Good morning, everyone! Happy Friday, and congratulations on making it through another work week. For obvious reasons, this has felt like a pretty short week to me, but I’m grateful for how quickly Marissa and I were able to slip back into a minimally adjusted routine.
“My morning was absolutely perfect,” I later told her. “It’s hard to get up early when you don’t have to, but I’d like to become one of those people that wake up at the same time every day. And I finished my blog in the morning before Rodney woke up, and he even let me write some code while he at breakfast and watched Dinotrux.”
“I had to wake up a few times in the night with Miles,” replied Marissa, “but I like that you let us both sleep in and come downstairs later in the morning. And my afternoon was perfect - Rodney was so easy and it was practically already his quiet time.”
Well, my timing this morning was almost perfect. It was sort of ruined by a slightly early oven repairman. “The guy is coming sometime between 9 and 11,” said Marissa before climbing back into bed behind me.
“It’s 8:55 - that’s perfect,” I said glancing up at the clock on my computer. “That gives me five minutes to finish proofreading this entry, then I can get Rodney out of bed, and the two of us can…”
A sharp knock was heard at the door. The dogs anxiously circled the living room. “Crap,” I said getting up out of my chair. I passed by Rodney, who was patiently waiting at the crack of his door. “Stay in your room a little bit longer, OK dude?” I assured him as I passed. After putting the dogs away and throwing on a face mask, I let the repairman in from the front door.
“So what’s actually the issue here?” he asked, squatting down on our kitchen floor in front of the oven. I wasn’t prepared to explain it to him, and I think it showed. Being in the middle of finish a journal entry and still wearing my damp apron from doing dishes, I was visibly flustered.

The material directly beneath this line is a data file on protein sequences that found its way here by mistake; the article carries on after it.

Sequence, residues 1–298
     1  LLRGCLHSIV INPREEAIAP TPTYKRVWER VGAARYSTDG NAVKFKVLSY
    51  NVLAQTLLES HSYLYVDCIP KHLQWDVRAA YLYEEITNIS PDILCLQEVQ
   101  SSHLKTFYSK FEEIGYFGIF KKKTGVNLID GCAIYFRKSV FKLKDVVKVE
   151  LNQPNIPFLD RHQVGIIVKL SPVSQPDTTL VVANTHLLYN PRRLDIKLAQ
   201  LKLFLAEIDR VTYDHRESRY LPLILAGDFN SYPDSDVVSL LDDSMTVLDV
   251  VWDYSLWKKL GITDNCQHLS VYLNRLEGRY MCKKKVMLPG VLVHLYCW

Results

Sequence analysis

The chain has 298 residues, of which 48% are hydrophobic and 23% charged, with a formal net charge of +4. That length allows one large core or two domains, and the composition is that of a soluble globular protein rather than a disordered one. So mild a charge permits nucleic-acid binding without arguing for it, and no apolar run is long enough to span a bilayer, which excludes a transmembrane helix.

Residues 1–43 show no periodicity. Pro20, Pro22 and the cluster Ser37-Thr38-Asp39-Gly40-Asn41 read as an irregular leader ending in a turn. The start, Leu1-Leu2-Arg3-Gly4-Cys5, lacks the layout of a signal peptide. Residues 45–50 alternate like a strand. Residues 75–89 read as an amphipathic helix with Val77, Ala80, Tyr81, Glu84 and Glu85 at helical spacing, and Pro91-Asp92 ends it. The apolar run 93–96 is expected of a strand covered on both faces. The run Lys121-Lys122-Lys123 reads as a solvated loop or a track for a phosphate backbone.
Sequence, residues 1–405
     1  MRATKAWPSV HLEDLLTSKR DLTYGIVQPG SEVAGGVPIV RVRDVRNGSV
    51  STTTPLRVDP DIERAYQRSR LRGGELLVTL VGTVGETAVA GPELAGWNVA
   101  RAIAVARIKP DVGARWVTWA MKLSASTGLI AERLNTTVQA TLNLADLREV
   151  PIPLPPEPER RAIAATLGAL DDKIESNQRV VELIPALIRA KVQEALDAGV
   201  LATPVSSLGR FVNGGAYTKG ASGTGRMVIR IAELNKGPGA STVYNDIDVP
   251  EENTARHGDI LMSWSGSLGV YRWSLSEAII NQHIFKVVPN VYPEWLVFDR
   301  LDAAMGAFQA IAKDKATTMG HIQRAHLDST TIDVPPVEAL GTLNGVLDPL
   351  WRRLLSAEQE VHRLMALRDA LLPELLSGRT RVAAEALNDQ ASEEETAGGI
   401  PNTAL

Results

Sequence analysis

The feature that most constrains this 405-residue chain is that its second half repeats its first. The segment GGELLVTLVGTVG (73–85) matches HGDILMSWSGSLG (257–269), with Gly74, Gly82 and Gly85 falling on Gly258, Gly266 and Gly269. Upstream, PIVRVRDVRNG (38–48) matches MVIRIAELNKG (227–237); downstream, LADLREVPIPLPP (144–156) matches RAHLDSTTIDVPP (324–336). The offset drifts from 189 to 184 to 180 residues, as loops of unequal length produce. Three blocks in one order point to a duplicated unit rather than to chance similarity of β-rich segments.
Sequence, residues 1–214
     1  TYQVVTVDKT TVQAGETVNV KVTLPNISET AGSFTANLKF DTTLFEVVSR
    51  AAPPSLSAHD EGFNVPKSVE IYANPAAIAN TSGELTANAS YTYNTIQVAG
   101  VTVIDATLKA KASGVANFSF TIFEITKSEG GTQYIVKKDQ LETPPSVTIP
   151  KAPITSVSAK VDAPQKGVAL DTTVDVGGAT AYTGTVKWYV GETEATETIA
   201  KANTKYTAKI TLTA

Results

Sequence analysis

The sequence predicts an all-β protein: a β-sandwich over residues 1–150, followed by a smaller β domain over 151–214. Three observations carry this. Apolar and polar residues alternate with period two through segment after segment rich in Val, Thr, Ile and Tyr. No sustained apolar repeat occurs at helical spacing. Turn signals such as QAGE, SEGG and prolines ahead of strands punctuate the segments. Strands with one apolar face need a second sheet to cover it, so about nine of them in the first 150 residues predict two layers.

“So it wouldn’t preheat the other day. I left it on for like twenty minutes, and it doesn’t normally take that long. And I stuck my hand in there and felt it was cold,” I explained. He began to dismantle the inside of the oven.
“So I took it apart, kind of like you’re doing now, and…”
“Did you strip this screw?” he interrupted.
“Um, no. But I couldn’t get it off either. I just had to bend that panel back.” I composed myself and continued my explanation. “So I took the panel off and tried turning on the oven, and…”
“Did you have the oven door open?” He interrupted again. “It won’t turn on while the door is open unless you hold down this guy.” The repairman depressed a little button tucked underneath the corner of the oven door frame.
“Oh. Yeah I didn’t know that. OK, so I guess all the testing I did was kind of voided. Sorry I can’t really describe this better, we just came home from the hospital with a baby, and I forgot you were coming.”
The repairman scooted back and flung open the warming drawer. “Do you store stuff in here?” he said, giving me a suspicious side eye.
“Just what you see there,” I said, pointing to the two thin pans and my silpat.
“What happens with these ovens is that people put stuff in here, and when the igniter goes to turn on, it shorts on a metal pan instead.” He left the warming drawer open and clicked on the oven. After a few minutes, it reached temperature and rang.
“OK, so that’s a good tip. I didn’t know about that,” I said, trying to sound grateful. He began to reassemble the oven.
“Jesus,” he muttered. “This thing’s not that old - what the hell did you do to it?” he said sharply.
“I… uh, learned to cook on this oven. I’ve tried a lot of things, and had a few disasters,” I meekly replied.
“I can see that,” he nodded. “So… are you like a cook or something?” he asked.
“Just a home cook,” I replied. “I’m actually a software engineer.”
“OK, a hundred bucks,” he said rising to his feet. “Cash, check, card - you pick.” I went into the kitchen to grab my debit card, imperceptibly rolling my eyes with my back turned. He swiped my card on his iPad.